Climbing and difficult terrain are two different things.
I think the root of this question is nothing to do with either centaurs or rangers, but a fundamental misunderstanding regarding the climb mechanic in D&D 5e.
As the basic rules go, climbing costs 1 extra foot of movement for each foot moved. Difficult terrain also costs 1 extra foot of movement of each foot moved. But climbing is not difficult terrain; they just have similar mechanical effects.
An ability that allows you to ignore difficult terrain, such as Land's Stride, does not allow you to ignore the extra movement cost of climbing or swimming. Similarly, climb or swim speeds let you ignore the extra movement cost for those kinds of movement, but don't let you ignore difficult terrain. So a DM could decide that climbing a crumbly cliff face counts as moving through difficult terrain, and thus costs triple to move across (unless you have a climb speed, or a way to ignore difficult terrain, or both, each of which would reduce the cost by 1).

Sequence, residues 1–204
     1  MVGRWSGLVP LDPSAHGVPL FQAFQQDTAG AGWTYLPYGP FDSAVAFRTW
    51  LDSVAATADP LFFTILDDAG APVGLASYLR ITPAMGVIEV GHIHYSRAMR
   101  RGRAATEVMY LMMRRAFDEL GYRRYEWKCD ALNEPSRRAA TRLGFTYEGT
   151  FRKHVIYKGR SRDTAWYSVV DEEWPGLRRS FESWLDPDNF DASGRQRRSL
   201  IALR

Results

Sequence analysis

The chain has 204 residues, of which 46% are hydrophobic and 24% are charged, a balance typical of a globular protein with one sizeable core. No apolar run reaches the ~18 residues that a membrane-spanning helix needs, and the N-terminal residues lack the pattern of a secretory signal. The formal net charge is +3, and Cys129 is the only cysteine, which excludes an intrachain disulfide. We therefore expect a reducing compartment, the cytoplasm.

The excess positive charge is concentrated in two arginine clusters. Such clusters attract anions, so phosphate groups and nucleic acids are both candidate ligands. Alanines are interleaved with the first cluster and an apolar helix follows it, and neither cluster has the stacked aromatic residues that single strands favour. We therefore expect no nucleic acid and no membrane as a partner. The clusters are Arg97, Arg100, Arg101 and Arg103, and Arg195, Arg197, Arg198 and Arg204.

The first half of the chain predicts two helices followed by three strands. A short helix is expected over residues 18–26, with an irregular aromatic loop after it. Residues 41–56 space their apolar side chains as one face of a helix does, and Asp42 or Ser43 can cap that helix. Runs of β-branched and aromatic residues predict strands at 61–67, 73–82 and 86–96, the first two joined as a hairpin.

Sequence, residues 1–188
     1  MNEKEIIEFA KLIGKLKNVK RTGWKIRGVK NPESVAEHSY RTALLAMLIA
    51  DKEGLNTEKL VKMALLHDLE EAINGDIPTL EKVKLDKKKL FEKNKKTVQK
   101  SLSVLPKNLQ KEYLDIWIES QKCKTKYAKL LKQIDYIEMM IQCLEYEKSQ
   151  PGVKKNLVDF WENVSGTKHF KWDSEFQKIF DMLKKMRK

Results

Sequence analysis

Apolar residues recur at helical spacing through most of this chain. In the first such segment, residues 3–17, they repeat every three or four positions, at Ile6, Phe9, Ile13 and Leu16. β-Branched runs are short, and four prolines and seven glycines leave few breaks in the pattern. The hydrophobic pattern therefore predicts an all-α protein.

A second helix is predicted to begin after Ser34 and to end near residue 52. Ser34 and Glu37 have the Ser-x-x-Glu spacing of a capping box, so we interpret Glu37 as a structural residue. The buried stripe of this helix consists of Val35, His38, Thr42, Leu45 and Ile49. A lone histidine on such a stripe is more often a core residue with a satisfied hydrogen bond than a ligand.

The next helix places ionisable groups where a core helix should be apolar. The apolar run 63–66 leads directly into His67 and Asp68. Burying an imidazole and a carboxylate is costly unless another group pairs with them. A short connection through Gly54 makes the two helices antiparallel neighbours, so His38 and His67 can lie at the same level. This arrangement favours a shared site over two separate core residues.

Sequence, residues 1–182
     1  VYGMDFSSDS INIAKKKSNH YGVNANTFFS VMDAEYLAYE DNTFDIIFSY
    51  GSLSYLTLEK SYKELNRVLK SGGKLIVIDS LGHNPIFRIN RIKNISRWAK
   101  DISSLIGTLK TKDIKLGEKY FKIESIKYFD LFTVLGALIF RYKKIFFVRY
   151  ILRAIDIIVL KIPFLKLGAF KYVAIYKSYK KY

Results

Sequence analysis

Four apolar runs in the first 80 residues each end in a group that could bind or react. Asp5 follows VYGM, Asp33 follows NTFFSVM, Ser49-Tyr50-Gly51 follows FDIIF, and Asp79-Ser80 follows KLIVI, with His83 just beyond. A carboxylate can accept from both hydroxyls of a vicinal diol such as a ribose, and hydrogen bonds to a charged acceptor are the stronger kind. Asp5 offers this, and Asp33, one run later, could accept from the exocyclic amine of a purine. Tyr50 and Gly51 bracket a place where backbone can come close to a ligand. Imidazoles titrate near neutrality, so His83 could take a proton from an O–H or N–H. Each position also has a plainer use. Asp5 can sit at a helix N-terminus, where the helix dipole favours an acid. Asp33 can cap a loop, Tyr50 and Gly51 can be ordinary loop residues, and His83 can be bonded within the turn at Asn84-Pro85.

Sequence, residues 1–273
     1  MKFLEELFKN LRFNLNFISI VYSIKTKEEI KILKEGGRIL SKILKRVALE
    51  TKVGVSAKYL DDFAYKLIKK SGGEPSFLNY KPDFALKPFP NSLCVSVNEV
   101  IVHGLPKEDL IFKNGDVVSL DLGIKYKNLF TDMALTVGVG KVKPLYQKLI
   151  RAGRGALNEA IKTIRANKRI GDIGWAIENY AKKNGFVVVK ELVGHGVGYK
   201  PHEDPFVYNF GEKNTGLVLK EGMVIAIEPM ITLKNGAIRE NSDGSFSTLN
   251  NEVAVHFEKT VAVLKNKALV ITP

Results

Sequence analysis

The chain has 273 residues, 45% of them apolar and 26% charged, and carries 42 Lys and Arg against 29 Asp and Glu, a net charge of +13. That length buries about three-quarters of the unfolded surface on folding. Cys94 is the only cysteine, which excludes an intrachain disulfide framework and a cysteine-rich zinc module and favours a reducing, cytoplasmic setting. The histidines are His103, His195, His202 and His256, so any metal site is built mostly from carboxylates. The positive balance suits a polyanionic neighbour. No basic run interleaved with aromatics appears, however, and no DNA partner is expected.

So Land's Stride doesn't negate the Centaur's unique difficulty with climbing, because Land's Stride wasn't helping with climbing in the first place. They're just two different things.